ZOTAC has quietly introduced a new video card which is compatible with virtually every desktop PC released in the recent years. The new GeForce GT 710 graphics card with PCIe 3.0 x1 interface is not going to outperform modern higher-end iGPUs in games, but it will help owners of very low-cost systems, particularly those which may not even have a PCIe x16 slot, to add support for another display, or improve over the performance of completely outdated iGPUs.

The ZOTAC GeForce GT 710 1 GB (ZT-71304-20L) video card is powered by a cut-down version of NVIDIA’s GK208 GPU with 192 CUDA cores, 16 texture units and 8 ROPs. The GPU is based on the Kepler architecture, which supports Direct3D feature level 11_0, OpenGL 4.5 as well as OpenCL 1.2 APIs. The chip is clocked at 954 MHz and has compute performance of around 366 GFLOPS (well below that of modern iGPUs). The card is equipped with 1 GB of DDR3-1600 memory featuring 12.8 GB/s bandwidth.

The card comes in half height half length (HHHL) form-factor and is shipped with two brackets (for low-profile and standard PCs) to maximize compatibility with various computers. The graphics board has minimal (19W) power consumption and does not require active cooling (which means, it is also whisper quiet).

The main selling points of the ZOTAC GT 710 are its PCIe 3.0 x1 interface as well as three display outputs — DVI, HDMI 1.4 and D-Sub. Some entry-level PCs simply do not have PCIe x16 or x8 slots to install a graphics card, but virtually all desktops released in the last ten years have at least one PCIe x1 slot. ZOTAC’s new graphics card promises to be compatible with such systems. If owners of such PCs need to add one or two more display outputs, or just find their iGPUs too slow in Windows 10, they can buy the GeForce GT 710 1 GB PCIe 3.0 x1 graphics adapter. The board supports up to three displays, which should be enough for many workloads.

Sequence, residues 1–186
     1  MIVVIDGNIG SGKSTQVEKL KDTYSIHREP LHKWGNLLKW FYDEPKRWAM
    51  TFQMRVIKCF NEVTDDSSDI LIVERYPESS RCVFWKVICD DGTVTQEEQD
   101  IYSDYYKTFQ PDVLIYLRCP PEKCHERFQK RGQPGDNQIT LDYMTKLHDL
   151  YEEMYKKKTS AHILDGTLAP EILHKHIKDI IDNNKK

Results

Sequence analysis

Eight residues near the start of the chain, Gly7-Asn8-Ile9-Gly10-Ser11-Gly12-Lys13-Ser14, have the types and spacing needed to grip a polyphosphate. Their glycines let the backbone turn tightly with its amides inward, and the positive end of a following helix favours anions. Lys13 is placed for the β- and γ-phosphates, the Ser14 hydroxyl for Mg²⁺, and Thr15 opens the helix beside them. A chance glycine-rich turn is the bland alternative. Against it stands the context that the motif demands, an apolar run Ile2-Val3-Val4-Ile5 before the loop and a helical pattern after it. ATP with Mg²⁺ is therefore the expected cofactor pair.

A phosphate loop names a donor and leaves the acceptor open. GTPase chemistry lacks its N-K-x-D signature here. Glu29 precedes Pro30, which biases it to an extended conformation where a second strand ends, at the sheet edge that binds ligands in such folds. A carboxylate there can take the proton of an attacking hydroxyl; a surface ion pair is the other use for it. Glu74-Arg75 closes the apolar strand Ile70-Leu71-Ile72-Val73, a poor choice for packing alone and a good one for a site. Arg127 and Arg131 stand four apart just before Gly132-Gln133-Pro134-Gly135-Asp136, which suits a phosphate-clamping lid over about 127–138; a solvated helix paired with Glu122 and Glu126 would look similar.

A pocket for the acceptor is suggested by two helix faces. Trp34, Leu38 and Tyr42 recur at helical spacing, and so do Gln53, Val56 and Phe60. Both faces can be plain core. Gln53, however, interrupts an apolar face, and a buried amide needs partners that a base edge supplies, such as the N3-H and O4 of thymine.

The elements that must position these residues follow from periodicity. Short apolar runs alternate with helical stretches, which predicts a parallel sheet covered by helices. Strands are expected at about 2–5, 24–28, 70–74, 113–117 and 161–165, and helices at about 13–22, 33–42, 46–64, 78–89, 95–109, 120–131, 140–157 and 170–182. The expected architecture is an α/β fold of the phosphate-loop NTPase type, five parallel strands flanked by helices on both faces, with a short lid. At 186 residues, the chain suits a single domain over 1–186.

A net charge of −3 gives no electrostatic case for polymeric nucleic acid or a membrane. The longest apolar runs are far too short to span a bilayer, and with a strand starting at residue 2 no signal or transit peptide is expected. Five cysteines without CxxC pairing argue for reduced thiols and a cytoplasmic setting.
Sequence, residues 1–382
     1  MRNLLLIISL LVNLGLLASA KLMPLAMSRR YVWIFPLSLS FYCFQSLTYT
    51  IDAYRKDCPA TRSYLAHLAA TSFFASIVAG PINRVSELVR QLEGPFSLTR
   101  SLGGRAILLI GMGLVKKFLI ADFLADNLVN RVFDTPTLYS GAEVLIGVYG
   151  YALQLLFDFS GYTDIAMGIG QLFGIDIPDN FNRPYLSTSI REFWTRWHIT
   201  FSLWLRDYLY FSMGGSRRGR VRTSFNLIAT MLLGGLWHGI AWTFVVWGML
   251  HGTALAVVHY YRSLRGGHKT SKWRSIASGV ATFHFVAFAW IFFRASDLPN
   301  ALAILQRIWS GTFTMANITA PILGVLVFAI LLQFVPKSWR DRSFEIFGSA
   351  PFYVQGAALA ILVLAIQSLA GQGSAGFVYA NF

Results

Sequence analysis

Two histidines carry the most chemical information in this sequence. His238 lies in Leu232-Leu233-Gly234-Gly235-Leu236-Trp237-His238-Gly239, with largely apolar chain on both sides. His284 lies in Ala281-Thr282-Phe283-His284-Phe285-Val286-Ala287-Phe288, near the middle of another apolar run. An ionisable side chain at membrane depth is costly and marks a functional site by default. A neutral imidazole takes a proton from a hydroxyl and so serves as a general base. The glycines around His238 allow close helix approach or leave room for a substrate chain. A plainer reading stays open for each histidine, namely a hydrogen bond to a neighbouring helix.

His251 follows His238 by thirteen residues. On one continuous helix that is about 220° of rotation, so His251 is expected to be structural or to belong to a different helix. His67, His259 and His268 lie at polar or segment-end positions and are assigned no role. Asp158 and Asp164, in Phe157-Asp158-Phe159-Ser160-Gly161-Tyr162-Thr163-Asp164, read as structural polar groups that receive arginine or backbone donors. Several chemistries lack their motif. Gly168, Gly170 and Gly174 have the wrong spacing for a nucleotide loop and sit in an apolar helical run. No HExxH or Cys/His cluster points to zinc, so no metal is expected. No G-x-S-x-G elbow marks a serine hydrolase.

NVIDIA GPU Specification Comparison
  GT 710 GT 720 GT 630 GT 610
CUDA Cores 192 192 192 48
Texture Units 16 16 16 8
ROPs 8 8 16 4
Core Clock 954MHz 797MHz 875MHz 710MHz
Shader Clock N/A N/A N/A 1620MHz
Memory Clock 1.8GHz DDR3 1.8GHz DDR3/ 5GHz GDDR5 1.8GHz DDR3 1.8GHz DDR3
Memory Bus Width 64-bit 64-bit 64-bit 64-bit
VRAM 1GB or 2GB 1GB or 2GB 1GB or 2GB 1GB
TDP 19W 19W 50W 29W
GPU GK208 GK208 GK107 GF119
Launch Timeframe January, 2016 March, 2014 April, 2012 May, 2012
Launch Price $30 - $50 $49 OEM $49

When it comes to performance in games, it is unlikely that the GeForce GT 710 is fast enough for more or less demanding titles. The product may be faster than iGPUs integrated into entry-level Celeron or Pentium processors, but only in various online games that do not require a lot of GPU horsepower anyway.

As for market perspectives of ZOTAC’s GeForce GT 710 1 GB PCIe 3.0 x1, it should be noted that this is a niche product designed for owners of low-end systems, who need a better GPU or additional display outputs. Typically, people, who use such systems do not upgrade often, hence, ZOTAC’s new video card will hardly become a bestseller. Nonetheless, it will be a unique device for those who really need it.

ZOTAC does not list recommended prices on its web-site. However two stores which sell the device in Europe have it listed €58.30 ($65.8) and €84.7 ($95). This is definitely higher than you'd otherwise expect for a bottom-tier NVIDIA card, though it may very well be that retailers are counting on its unique nature.

Source: ZOTAC (via the Tech Report)

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  • QuantumPion - Friday, April 22, 2016 - link